Some short points about the Objectivist ethics of rational egoism (1):
- If human beings wish to live, they need morality because only certain types of actions will lead to successful life as a human being, while others will necessarily lead to suffering and toward death; yet human beings do not automatically choose life-promoting actions, and they do not automatically know what is life-promoting for them, especially in the long term.
- A certain fundamental happiness is the marker of a flourishing life, and the fullest, long-term happiness is an individual’s proper purpose in adhering to moral principles. What serves his own flourishing life (and thus, long-term happiness) is what defines an individual’s self-interest, (i.e. his proper values.) Interactions with others are part of morality, but are not the central concern; the central concern is the reality of the individual’s condition with respect to the attainment of life-sustaining/enriching values.
- Rationality is the fundamental virtue that subsumes all other virtues. Its being the fundamental virtue means that reason is the means by which an individual discovers what is in his self-interest, and that action based on reason is the only means by which he can achieve his proper values, (thus building happiness.)
- The six subsidiary virtues that Ayn Rand identified are aspects of rationality. They are: honesty, independence, productiveness, integrity, justice, and pride. Pride is not boastfulness or foolhardiness, but a dedication to excellence and moral self-improvement.
- Attempting to sacrifice the rational interests of others as a means to one’s own happiness, whether done through force or deception, is doomed to fail. One’s own happiness cannot be built on the robbery or enslavement of others, because human life depends on the production of values that sustain it. Those on whom the parasite feeds are worn down or destroyed, and find it in their rational interest to sabotage and get rid of the parasite. By using force or deception, the parasite is working to sabotage the victims’ motivation and rational judgment, and it is their motivation and rational judgment in the production of values on which he is depending for his livelihood.
- The rational interests of individuals in everyday life in society do not conflict, because life-sustaining values are not a static quantity to be fought over, but are created by effort based on reasoning, and are thus variable and potentially unlimited.
- Human beings are a combination of the physical and mental, and an individual’s self-interest includes psychological values. Self-interest is not to be reduced to only the physical, such as money. Other people can be of tremendous psychological value (i.e. friends, lovers, children.) That an individual’s ultimate standard of value is his own flourishing life does not mean that he disregards others, or that he simply uses them for material gain. He can gain major psychological benefits from contact with other people of good character who reflect his values.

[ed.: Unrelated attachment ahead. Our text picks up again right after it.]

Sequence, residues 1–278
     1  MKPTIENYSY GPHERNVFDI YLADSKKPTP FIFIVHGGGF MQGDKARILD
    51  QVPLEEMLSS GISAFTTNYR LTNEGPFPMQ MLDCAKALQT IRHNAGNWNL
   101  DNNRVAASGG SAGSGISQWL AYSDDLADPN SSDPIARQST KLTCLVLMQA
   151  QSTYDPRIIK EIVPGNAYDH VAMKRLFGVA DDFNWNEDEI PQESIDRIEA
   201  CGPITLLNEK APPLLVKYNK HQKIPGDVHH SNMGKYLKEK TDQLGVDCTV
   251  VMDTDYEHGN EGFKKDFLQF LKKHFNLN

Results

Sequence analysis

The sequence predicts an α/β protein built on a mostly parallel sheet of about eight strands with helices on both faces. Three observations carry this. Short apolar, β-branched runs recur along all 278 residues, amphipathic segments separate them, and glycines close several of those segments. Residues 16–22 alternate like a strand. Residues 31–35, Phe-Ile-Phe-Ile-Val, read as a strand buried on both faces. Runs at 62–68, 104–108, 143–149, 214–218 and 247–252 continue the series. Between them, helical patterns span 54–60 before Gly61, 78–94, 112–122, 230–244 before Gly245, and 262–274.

- Objectivist moral principles allow for a vast range of optional values within their practice. They allow for different career choices, (including full-time parenthood,) different tastes in art (literature, movies, music) and different amounts and types of social contact. One’s own emotions about different options are typically among the relevant factors to consider in deciding which optional values to pursue.
- A basic (non-self-sacrificial) benevolence toward others is in one’s own interest in an essentially free society. This typically includes being courteous and respectful to strangers, and considerate to friends. This is due to the fact that others are potential values to oneself, whether as trading partners, friends, lovers, or simply as general innovators whose ideas can improve one’s own life. In a free, rights-respecting society, strangers are much more likely to be allies than enemies, in fundamental terms, and it’s not in one’s interest to push such people away without good reason. (Business competitors are not enemies; see Atlas Shrugged.)
- Just like principles of physics and free-market economics, principles of morality are contextual absolutes. This means that they are not like Biblical commandments that are supposed to always apply, no matter the situation. Proper moral principles apply only within certain circumstances, but when they do apply, they are absolute, and cannot be violated with impunity. For example, the principle that “the initiation of physical force is immoral/evil (destructive to human life)” does not apply in the face of an immediate physical threat to someone’s life. Initiating force to push one’s unsuspecting friend out of the path of a falling boulder is a good act. In ordinary circumstances, when human life depends on the free exercise of each individual’s mind, the initiation of force is evil because it destroys and/or paralyzes the minds of victims and subverts the mental functioning of the perpetrator, to the extent it is initiated.
For those who don’t have backgrounds in philosophy, but want to learn more about this moral code, I recommend reading The Virtue of Selfishness by Ayn Rand and Loving Life: The Morality of Self-Interest and the Facts that Support It by Craig Biddle. For those who are more philosophically oriented, I also recommend Viable Values and Ayn Rand’s Normative Ethics: The Virtuous Egoist by Dr. Tara Smith.
(1) Dictionary definition of: egoism – 1. the habit of valuing everything only in reference to one’s personal interest; selfishness (opposed to altruism). … 3. Ethics. the view that each person should regard his own welfare as the supreme end of his actions [Random House Dictionary of the English Language, Unabridged, 1973]
Other People as Egoistic Values Versus Other People as Objects of Self-Sacrifice in Ayn Rand’s Philosophy